WOULD YOU come to dinner?” Tehmina Alphonse asked. “I will prepare you the traditional meal of the Parsis in India. Our culture is very distinct from the rest of the Indian culture, although we have adopted a lot of the customs of the land that we call ours now. Cooking with the Parsis is unique in toe sense LIICL it combines Middle Eastern cooking with Indian spices and herbs providing tastes and flavors very typical the Indian subcontinent
Helping ourselves from a platter of dhansak, warming, pacifying dish made with a velvet‐smooth puree of lentils and spiced chicken, we learned far more about aspects of Parsi‐Indian culture than’we had ever known.
The Parsis are followers of Zoroaster, one of the great teachers of the East. He is to his followers Jesus is to Christians and Moses is to Jews. The precise period of his birth is debated but, according to the Encyclopaedia Britannica (11th edition), some sources “place him 5,000 years after the Trojan War, [others] 6,000 years before the death of Plato,” who lived 300 years before Christ.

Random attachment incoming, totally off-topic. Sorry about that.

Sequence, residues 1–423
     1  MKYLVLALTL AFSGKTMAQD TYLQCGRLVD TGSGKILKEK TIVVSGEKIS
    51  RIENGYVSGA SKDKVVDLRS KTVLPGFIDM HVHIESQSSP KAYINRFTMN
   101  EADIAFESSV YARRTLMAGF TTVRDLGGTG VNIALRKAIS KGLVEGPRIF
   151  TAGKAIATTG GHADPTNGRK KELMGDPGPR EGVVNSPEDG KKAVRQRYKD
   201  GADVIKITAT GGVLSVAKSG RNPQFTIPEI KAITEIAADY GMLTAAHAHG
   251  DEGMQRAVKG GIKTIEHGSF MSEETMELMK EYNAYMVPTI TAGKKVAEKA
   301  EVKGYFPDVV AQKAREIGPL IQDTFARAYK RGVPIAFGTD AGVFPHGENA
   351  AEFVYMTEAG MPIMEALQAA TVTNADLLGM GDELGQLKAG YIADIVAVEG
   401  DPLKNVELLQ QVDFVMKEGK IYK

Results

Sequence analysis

The encyclopedia adds that the religion of the Zoroastrians teaches them benevolence as the first principle and no people practice it with more liberality.
The Parsis emigrated to India from Iran in the ninth century during the time of the Asian conquest and were welcomed hospitably by the Hindu priests. No one knows, Mrs. Alphonse was saying, precisely what foods their ancestors brought with them to India, but they assimilated well and adopted well to Indian customs.
“This is, perhaps, the most typical of all Parsi meals, the foods that are hungered for the world over when Parsis travel,” she said.
“The name ‘dhansak,’ “ she went on, “derives from two words, ‘dhan,’ meaning rice, and ‘sak,’ meaning lentils; Actually, the main dish of the meal is the chicken with lentil purée and brown rice served separately. It isn’t brown rice as you know it in this country, but it is made with white basmati, or Indian rice, and the
color comes from browned onions and spices.”
Mrs. Alphonse speculated that the .dish might well have had its origins in a Persian dish, known in modernday Iran as adas polio ba morgh. It is made with rice, lentils and chicken, but is spare of spices other than a touch of turmeric. Dhansak is far more elaborate, with such Indian spices as cumin, coriander, cloves, cinnamon and chilies.